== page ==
and vegetables - and by making better choices within a given category,
including snack items and desserts. The ONQI is designed to do both.
You can, in fact, compare apples to oranges (oranges win), or apples to
marshmallows," Dr. Katz noted. But of more practical value you can
compare one box of kid's breakfast cereal to another, cut right past
all the marketing hype, and get to the truth at a glance."
Hospital has partnered with Topco Associates to make the ONQI available
through thousands of retail grocery stores across the nation beginning
in the second-half of 2008. The ONQI will be launched in supermarkets
as well as on the Internet in collaboration with one or more of the
premier providers of health content on the World Wide Web.
have been developed for an on-line system that will allow consumers to
obtain the nutritional score and rank for virtually any food, to
generate shopping lists, to access and make-over recipes, and to build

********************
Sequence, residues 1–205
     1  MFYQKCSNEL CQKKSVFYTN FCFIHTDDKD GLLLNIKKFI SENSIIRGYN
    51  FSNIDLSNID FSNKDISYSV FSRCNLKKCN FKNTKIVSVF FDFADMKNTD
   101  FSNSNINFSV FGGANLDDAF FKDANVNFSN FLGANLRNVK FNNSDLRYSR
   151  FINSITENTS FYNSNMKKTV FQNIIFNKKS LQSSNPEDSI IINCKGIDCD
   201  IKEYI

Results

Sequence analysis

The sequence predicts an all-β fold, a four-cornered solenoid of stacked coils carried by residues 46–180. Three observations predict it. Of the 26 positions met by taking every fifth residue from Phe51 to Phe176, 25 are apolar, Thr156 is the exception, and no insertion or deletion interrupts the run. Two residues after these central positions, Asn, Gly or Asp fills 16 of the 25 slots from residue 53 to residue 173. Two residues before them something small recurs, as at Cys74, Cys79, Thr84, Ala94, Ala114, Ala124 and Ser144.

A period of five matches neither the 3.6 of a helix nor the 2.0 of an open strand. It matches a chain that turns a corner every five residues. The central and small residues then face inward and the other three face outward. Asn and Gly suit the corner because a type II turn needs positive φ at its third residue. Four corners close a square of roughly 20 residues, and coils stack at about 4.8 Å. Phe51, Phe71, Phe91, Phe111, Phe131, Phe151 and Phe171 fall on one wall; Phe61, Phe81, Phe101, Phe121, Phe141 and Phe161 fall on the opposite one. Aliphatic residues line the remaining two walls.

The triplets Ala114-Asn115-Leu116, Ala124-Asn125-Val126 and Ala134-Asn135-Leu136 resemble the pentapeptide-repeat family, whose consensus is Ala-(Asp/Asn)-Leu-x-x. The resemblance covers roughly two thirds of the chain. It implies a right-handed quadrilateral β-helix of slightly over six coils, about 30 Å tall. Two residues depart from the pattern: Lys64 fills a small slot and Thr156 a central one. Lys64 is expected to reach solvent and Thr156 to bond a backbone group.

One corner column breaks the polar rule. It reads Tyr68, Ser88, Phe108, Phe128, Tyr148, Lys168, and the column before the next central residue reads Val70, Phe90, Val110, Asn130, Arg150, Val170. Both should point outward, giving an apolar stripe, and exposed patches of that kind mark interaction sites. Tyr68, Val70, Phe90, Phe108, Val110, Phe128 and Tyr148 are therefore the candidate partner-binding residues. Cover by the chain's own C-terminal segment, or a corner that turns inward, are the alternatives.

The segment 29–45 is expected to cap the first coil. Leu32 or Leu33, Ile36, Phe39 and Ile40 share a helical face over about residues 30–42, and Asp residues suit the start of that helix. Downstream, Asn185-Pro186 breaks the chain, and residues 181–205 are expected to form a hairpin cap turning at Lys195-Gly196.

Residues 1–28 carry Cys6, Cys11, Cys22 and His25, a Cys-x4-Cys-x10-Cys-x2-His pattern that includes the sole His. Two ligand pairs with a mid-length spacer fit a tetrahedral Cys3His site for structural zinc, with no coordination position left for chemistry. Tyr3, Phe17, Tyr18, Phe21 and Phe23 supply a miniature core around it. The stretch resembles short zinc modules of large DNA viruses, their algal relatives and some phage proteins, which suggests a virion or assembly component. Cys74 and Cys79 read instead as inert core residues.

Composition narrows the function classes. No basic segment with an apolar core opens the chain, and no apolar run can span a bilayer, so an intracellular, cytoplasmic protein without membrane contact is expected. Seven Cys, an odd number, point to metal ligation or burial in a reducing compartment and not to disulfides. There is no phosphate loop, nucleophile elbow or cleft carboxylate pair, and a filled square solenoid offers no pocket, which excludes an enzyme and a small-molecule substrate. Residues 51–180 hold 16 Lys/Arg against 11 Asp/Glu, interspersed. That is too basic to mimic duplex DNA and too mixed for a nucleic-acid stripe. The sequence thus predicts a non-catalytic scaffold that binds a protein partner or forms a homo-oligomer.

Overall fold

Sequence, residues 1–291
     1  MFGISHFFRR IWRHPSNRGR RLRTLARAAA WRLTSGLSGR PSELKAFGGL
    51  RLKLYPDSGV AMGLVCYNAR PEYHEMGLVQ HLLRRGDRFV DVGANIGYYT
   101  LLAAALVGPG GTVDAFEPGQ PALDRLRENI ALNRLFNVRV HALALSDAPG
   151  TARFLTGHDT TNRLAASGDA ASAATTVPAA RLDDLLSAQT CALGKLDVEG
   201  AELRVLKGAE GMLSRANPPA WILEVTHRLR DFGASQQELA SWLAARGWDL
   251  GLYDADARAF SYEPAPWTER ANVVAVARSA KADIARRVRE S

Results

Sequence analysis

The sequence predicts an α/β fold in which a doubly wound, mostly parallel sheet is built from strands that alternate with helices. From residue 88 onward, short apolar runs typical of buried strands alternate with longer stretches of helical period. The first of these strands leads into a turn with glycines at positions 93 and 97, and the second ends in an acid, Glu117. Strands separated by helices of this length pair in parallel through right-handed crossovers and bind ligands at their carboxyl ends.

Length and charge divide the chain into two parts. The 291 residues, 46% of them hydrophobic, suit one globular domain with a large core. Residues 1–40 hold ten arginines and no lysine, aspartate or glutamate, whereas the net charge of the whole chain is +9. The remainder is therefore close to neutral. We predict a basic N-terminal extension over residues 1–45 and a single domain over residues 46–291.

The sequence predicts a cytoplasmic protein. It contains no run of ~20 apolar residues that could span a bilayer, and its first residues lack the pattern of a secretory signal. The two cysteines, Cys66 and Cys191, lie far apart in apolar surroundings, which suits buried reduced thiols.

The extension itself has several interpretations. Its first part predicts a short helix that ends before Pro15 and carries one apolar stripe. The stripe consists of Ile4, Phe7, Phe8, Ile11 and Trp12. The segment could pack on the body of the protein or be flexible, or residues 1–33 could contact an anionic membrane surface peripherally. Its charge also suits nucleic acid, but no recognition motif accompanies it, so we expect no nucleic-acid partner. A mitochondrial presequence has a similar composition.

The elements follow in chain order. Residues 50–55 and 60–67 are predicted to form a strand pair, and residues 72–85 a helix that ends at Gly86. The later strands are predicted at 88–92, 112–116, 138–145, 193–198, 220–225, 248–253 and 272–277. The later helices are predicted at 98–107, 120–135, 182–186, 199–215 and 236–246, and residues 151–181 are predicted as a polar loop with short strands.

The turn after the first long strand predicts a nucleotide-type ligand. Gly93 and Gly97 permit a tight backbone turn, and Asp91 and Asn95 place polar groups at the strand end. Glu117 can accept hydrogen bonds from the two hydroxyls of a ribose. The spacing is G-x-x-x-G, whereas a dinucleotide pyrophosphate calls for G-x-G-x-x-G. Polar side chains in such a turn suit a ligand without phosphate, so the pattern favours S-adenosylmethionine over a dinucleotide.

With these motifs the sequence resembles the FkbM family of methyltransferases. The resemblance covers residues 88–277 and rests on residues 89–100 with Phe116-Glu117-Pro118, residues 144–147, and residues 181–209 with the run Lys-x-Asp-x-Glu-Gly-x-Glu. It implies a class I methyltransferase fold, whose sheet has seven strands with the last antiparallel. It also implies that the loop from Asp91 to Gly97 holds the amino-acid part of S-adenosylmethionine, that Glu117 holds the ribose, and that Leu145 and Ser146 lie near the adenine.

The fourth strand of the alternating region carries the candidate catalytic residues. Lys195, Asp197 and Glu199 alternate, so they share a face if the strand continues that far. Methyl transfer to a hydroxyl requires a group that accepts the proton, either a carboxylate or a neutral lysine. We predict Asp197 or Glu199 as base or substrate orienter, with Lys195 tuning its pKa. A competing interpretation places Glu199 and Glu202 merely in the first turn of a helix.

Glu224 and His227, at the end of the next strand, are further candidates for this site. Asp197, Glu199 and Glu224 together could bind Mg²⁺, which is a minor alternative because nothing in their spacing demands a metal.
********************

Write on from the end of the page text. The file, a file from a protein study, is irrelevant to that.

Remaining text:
and entire meal plan that incorporates personal preferences and health
conditions, and is optimized for health.
with Topco and its member companies will allow us to bring the ONQI to
millions of consumers nationwide," said Patrick Charmel, president and
chief executive officer, Griffin Hospital. "Together, we will help
Americans make better food choices."
consumers are often overwhelmed with the number of choices they have in
the supermarket, and the number of competing claims about health and
nutrition. The ONQI is an easy to use, transparent and credible system
to help them make healthy food choices. However, it will only work if
retailers and manufacturers elect to adopt a standardized system. If
the food industry gets behind a uniform labeling approach and adopts
consistent standards, it will make a world of difference for every
consumer." observed Dr. Keith Ayoob, a nutrition expert at the Albert
Einstein Medical College.
For more information on the Overall Nutritional Quality Index, visit www.onqi.com.